Frequent laughter is a sign of good mental health. Laughing helps a person cope with adversity, and it helps a person enjoy life.
What makes us laugh? A few thousand years ago, Aristotle pointed to surprise. Many jokes have some surprise in them. For example, here is Stephen Wright: "My main goal is to live forever. So far, so good."
It helps us laugh if a joke elevates us relative to others. Political humour plays that role, lowering leaders in our eyes. Some people laugh when they see a photo of Donald Trump with a witless expression.
Schadenfreude also falls in this category. When we see a guy walk out into the ocean on rocks just above the water, and he gets soaked by a wave, we feel smarter or more fortunate than him.
Cleverness helps. How else can we explain puns like these? "A thief attempted to steal paintings from the Louvre in Paris, but was caught two blocks away when he ran out of gas. All the thief could say for himself was: "I had no MONET to buy DEGAS to make the VAN GOGH. But I tried for it anyway because I had nothing TOULOUSE!"
A just result figures into humour. When I was a university student in Colorado, I laughed when I saw a bus unable to get going because a campus road was so icy. As I walked by the bus laughing, my feet slipped out from under me and I fell on my rear. I laughed harder then because of the justice of my fall.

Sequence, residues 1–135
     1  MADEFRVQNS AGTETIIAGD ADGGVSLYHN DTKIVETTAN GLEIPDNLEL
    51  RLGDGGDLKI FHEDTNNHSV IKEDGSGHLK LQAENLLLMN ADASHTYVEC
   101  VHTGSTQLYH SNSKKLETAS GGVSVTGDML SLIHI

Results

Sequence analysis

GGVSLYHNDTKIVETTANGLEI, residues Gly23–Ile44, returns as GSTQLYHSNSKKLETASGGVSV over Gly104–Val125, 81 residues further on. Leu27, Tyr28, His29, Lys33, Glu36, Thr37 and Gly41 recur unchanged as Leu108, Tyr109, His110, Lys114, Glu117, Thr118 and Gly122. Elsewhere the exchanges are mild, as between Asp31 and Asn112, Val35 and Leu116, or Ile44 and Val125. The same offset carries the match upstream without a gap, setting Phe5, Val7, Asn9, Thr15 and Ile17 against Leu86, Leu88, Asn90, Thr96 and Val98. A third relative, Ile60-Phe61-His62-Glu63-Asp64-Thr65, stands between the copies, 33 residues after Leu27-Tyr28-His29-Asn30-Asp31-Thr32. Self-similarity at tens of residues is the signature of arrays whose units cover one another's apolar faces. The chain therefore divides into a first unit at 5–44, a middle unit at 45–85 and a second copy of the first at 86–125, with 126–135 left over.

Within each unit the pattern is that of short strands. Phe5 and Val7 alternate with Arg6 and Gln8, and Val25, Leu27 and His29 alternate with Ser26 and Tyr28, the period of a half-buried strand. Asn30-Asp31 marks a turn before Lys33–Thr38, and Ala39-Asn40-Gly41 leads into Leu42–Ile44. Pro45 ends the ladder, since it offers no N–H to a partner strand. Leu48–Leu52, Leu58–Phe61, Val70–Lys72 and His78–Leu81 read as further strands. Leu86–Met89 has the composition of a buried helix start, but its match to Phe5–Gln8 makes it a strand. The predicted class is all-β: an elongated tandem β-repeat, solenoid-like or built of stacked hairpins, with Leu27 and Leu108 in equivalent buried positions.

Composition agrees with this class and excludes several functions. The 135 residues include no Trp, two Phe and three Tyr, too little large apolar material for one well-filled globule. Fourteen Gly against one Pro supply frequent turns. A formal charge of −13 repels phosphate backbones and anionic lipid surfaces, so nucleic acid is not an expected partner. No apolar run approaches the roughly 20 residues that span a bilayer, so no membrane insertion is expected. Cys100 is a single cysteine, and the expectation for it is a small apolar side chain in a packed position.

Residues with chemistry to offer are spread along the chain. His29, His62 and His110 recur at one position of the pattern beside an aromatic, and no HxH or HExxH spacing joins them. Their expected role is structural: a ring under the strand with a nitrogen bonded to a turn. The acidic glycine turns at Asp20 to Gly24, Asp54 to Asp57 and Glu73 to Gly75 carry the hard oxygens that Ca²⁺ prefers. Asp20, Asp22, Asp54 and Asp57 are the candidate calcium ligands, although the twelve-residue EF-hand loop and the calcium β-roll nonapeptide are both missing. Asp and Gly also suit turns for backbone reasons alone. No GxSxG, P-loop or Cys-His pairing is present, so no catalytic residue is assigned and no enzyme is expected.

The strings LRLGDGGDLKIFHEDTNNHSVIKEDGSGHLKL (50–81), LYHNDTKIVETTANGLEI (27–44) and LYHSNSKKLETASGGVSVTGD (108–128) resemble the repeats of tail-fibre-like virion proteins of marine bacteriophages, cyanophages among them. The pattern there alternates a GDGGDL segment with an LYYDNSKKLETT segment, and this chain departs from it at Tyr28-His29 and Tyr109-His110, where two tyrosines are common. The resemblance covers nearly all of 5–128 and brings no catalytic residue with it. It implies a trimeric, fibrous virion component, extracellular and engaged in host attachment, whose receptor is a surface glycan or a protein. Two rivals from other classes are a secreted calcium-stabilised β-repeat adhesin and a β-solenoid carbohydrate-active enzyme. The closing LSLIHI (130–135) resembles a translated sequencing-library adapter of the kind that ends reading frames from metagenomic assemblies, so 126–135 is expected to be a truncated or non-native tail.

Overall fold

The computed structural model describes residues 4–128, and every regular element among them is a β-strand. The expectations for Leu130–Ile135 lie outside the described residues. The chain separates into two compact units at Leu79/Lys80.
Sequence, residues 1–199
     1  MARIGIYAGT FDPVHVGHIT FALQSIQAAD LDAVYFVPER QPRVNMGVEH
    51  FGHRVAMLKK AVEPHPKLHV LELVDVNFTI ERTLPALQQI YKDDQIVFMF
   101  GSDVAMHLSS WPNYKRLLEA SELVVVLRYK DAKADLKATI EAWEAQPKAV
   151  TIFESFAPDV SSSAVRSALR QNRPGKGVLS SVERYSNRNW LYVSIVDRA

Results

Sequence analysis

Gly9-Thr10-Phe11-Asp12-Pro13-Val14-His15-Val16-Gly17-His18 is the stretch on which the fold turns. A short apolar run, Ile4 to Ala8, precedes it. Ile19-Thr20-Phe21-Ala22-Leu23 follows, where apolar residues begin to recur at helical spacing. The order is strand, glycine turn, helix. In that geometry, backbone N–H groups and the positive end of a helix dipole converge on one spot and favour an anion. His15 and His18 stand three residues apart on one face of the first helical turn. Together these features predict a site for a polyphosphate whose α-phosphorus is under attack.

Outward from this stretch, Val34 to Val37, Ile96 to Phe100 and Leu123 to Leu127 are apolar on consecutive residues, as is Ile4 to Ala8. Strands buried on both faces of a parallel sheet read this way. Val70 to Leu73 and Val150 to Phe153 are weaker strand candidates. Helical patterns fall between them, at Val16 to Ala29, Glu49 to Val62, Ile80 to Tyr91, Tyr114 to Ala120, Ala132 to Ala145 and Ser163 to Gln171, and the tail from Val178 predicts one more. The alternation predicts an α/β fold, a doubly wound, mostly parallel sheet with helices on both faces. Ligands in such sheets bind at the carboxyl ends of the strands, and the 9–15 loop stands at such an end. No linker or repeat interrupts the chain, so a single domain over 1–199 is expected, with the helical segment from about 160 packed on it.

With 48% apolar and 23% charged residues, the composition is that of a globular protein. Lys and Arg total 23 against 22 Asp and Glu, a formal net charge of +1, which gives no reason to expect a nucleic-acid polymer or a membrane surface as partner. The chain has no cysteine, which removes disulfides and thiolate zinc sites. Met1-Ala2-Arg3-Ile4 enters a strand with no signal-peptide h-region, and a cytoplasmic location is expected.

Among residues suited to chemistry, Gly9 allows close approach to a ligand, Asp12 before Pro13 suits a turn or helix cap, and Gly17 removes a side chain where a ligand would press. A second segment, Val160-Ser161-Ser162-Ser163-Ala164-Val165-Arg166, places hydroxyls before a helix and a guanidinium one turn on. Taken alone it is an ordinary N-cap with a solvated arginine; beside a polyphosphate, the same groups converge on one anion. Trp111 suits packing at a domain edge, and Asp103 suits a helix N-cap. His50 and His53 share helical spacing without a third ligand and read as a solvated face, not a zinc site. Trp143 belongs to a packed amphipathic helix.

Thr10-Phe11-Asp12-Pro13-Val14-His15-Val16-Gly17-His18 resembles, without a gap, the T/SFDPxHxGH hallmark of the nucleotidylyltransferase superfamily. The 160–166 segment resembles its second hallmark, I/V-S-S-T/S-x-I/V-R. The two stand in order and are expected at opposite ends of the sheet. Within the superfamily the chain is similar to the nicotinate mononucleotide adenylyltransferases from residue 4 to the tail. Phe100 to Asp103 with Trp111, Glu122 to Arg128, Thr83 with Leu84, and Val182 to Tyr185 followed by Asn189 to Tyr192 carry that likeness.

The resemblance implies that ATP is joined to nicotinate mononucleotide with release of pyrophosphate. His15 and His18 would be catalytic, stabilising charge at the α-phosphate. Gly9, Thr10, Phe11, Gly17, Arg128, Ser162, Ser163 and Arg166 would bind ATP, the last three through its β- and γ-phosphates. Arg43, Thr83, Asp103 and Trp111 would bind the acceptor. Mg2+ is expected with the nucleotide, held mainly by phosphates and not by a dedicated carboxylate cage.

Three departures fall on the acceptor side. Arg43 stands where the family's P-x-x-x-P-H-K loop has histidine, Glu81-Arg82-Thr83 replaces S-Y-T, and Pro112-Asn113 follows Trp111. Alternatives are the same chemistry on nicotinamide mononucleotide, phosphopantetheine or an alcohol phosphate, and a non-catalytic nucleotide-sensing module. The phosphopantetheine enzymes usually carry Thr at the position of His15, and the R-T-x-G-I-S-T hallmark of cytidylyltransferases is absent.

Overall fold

Shared knowledge usually is important to a person making another laugh. When a student told me that I had the personality of Ned Flanders, I had to be aware of that character on The Simpsons to see the humour (and truth) of the comment.
When others find something funny, we tend to copy their response. Thus, comedy TV shows often have laugh tracks to help us judge what is funny. How do we explain tickling-induced laughter? Our lack of control is important, along with having a close relationship with the tickler.
What of nervous laughter? It can result from sudden alarm or confusion. Some individuals laugh when they receive a shock and do not know how to respond. Humanity may end with neither a bang nor a whimper. It may end with a titter.
I may have taken on a thankless task in trying to explain laughter. To borrow words from E. B. White, the author of Charlotte's Web: "Analysing humour is like dissecting a frog. Few people are interested and the frog dies of it."